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Dark places of the heart.

July 12, 2012

There are plenty of novels about marriages gone wrong, but I’m guessing there are few marriages as irredeemably messy as the one depicted in Gillian Flynn’s compelling—but ultimately far-fetched—third novel, Gone Girl, a taut blend of psychological suspense thriller and domestic drama.

This is the kind of book that alternately fascinates and frustrates: just as you think you’re starting to piece it all together, Flynn spins you round and shoves you in an entirely different direction. But while Flynn’s sleights of hand are both clever and riveting, she stretches them too far—after a while, Gone Girl can no longer sustain the credibility of its myriad twists and turns.

Nonetheless, it’s a riveting ride all the way. Flynn begins Gone Girl with a classic crime thriller set-up: on the day of his fifth wedding anniversary, former journalist Nick returns home to discover that his beautiful wife, Amy, has mysteriously disappeared. There are signs of a struggle in the living room, the iron’s been left on, and Amy’s anniversary gift to Nick lies unopened in its box on their bed. As for Amy, she’s nowhere to be found.

We quickly discover that all was not well between Nick and Amy—but where does the blame lie? Flynn gives us Nick’s perspective in the days after the disappearance, when Amy’s case quickly goes from local mystery to national media feeding frenzy; but she alternates Nick’s chapters with excerpts from Amy’s diary, which charts the slow decline of the couple’s relationship. Amy’s version of the truth, of course, tells an entirely different story.

While Nick vehemently denies foul play, it’s not long before the evidence begins stacking rapidly against him, and the media starts to have a field day. Adding to the mystery are the cryptic clues Amy’s left Nick as part of their wedding anniversary ‘treasure hunt’ tradition: clues that Nick seems intent on solving before the police do.

The first half of Gone Girl is a rubrics cube of puzzles and hints that never quite click into place: Flynn keeps you guessing at every turn, and even as you make assumptions that feel as though they’re leading towards certainty, there are some questions that just don’t seem to have answers.

But while Amy’s disappearance is at the centre of this rapidly spinning mystery top, Gone Girl is more the story of a marriage than a crime, and it’s the psychological aspect of the novel that makes it such a fascinating read. Nick and Amy perceive themselves and one another in very different ways: with her carefully judged, alternating first-person perspectives, Flynn gives away just enough to make us piece together an idea of the truth, and enough to know that we’re not getting the whole story from either character. Like many couples, Nick and Amy recount the same events in very different ways, and it soon becomes clear that there are realities they can’t admit to or face—some, it turns out, are much darker than others.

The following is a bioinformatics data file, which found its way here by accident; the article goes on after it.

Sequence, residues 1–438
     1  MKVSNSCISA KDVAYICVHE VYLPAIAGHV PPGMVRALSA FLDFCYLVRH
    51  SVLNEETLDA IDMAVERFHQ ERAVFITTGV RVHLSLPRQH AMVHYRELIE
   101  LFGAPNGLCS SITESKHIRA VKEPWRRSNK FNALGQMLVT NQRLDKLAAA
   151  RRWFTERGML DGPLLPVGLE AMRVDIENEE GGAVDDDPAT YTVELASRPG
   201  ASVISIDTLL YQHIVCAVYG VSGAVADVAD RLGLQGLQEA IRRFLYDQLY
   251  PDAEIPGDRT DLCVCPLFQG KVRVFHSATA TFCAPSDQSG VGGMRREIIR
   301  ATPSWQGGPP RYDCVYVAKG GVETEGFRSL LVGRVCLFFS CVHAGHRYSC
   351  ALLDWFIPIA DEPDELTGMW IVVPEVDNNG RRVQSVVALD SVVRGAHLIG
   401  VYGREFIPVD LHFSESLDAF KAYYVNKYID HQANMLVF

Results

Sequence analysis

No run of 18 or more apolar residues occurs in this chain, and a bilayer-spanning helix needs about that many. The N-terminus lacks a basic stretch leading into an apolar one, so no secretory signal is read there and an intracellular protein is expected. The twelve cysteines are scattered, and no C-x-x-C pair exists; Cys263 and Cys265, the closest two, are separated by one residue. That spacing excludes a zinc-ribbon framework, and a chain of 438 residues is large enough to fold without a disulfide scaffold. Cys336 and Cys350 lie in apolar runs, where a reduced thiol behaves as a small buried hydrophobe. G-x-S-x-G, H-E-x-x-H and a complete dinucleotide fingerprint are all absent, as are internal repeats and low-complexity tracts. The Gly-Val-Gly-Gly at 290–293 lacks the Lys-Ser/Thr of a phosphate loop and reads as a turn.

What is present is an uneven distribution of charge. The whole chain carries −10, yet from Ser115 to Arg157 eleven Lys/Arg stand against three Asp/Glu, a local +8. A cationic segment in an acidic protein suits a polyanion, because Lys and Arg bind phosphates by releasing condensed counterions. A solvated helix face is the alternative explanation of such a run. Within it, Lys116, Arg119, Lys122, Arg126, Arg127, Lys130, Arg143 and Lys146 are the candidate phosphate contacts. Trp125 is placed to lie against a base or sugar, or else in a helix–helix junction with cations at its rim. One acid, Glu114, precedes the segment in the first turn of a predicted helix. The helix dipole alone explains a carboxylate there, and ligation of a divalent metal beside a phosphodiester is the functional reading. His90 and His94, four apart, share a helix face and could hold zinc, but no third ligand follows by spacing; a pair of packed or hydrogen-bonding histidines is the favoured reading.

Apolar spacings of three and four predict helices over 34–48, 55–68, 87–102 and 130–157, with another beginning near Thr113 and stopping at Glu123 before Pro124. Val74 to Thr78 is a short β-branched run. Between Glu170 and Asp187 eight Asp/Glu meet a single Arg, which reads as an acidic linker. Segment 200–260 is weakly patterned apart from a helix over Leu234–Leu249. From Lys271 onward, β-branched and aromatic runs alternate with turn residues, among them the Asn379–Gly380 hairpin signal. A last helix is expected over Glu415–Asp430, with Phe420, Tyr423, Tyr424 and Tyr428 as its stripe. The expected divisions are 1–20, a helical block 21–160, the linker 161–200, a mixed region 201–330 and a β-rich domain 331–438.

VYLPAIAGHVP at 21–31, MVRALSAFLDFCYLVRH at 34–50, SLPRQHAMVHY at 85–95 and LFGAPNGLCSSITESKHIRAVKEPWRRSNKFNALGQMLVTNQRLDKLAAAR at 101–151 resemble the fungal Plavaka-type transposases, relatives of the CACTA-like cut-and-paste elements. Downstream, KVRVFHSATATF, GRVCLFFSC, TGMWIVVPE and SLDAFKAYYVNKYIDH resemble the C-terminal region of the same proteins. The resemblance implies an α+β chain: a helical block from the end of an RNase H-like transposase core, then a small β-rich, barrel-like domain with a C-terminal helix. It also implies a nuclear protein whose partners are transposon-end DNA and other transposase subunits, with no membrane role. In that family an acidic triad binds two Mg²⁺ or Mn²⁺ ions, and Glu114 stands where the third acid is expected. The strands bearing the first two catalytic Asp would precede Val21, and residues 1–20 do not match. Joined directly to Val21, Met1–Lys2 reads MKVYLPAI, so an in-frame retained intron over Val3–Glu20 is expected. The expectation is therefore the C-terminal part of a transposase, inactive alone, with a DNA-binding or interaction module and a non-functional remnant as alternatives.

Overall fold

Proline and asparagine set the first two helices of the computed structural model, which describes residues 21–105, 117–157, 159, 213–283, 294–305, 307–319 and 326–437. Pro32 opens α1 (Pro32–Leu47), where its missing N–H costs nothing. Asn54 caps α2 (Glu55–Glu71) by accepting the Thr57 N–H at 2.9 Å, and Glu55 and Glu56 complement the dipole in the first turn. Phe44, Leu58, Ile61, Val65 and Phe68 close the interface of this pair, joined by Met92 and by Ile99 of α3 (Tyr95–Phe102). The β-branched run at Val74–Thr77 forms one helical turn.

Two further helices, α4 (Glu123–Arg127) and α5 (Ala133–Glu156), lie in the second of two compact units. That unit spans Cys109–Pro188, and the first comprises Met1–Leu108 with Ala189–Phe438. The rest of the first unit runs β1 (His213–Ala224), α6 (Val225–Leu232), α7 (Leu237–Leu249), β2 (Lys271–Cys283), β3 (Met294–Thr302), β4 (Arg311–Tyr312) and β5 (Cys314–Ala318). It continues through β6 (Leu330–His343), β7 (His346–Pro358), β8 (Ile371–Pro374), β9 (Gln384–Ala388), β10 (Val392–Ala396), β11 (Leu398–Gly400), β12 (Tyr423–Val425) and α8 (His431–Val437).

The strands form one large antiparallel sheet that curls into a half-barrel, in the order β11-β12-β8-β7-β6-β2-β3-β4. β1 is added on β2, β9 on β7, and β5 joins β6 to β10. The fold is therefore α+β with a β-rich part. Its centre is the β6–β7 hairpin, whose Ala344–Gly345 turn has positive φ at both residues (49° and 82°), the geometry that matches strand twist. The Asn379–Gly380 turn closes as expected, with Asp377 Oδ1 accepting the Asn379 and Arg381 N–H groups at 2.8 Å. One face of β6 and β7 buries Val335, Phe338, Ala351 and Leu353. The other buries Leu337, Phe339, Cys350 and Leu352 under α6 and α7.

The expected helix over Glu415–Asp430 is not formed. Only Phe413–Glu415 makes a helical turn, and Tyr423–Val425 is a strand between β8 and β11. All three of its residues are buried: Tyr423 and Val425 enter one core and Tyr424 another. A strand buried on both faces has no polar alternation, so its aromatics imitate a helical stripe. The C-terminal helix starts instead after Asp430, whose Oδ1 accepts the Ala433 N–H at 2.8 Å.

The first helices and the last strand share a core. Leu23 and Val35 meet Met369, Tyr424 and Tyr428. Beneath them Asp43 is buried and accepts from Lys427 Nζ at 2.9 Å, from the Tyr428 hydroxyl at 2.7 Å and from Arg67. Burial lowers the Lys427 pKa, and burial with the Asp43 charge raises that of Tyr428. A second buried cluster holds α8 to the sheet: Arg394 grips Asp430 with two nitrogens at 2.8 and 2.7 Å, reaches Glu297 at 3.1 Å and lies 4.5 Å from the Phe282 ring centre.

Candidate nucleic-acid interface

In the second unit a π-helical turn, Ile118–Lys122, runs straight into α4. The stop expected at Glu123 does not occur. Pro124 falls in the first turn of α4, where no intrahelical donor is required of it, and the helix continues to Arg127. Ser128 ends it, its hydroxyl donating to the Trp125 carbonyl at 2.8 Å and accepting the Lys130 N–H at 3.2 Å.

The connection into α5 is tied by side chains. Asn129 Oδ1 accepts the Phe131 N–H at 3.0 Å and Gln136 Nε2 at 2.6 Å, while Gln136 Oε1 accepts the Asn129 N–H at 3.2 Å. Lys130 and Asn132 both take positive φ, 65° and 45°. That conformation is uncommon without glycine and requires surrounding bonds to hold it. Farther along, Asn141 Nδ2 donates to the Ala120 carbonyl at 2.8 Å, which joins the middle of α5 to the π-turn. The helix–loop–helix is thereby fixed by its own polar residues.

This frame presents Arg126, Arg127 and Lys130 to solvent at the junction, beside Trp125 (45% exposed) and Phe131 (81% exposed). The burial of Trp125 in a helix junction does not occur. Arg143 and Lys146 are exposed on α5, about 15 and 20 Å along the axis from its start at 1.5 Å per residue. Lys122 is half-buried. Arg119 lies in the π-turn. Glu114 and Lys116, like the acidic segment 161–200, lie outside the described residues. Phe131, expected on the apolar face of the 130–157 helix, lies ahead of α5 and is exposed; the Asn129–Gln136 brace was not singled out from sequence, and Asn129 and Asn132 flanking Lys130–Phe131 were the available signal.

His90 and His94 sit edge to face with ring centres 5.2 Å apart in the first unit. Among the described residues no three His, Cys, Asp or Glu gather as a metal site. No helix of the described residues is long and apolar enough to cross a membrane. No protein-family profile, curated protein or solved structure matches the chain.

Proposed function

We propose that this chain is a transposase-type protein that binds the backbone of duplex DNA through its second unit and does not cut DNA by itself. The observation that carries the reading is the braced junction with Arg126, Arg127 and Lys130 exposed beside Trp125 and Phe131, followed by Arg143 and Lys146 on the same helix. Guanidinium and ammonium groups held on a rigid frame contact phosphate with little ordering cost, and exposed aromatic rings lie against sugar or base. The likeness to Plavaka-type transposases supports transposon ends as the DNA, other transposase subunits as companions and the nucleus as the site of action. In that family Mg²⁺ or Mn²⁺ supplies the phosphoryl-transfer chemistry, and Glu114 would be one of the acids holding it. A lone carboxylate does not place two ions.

Of course, no relationship exists in a vacuum, and the situation Flynn’s two characters find themselves in only deepens the drama. Nick and Amy’s problems are exacerbated by the tensions of America’s post-GFC climate: both successful New York-based writers, Nick a journalist and Amy the creator of twee women’s magazine quizzes, they find themselves redundant within months of one another. Once they relocate to the Midwest to care for Nick’s ailing mother, leaving behind the New York lifestyle they can no longer afford, relations begin to fracture; after two years back in Nick’s ghostly hometown, with its failed businesses and foreclosed homes and huge shopping mall full of empty shops, Nick comes home to find Amy gone.

But it’s in the second half of Gone Girl that Flynn’s machinations become less effective. While the story picks up increasing momentum—I read the final 200 pages in a mad rush, desperate to discover how Flynn was going to resolve the intricacies of her plotting—its credibility begins to slide. It’s impossible to reveal how without giving too much away—for all its faults, Gone Girl leaves you itching to discuss its numerous twists and complexities, and unable to do so with anyone who hasn’t read beyond about page 10.

Unfortunately, Flynn seems to get carried away by her acts of plotting trickery: Gone Girl’s characters become progressively awful, and their circumstances increasingly ridiculous. While Flynn’s attention to psychological detail in the novel’s first half is astute and subtle, she soon abandons this in favour of unlikely and over-the-top plot twists, and the credibility of her story begins to buckle. The ending is both disappointing and (strangely) rather predictable, and casts a pall over the entire novel.

Still, for at least the first 200 pages, Gone Girl takes a dark and intriguing trip through the tunnels of emotional and psychological warfare that lie beneath the surface of a seemingly ideal partnership; Flynn’s tale suggests how readily we can become trapped by the very person we once loved. Nick and Amy, rather than Amy’s disappearance, are the real mystery here—and they’re never quite unravelled.

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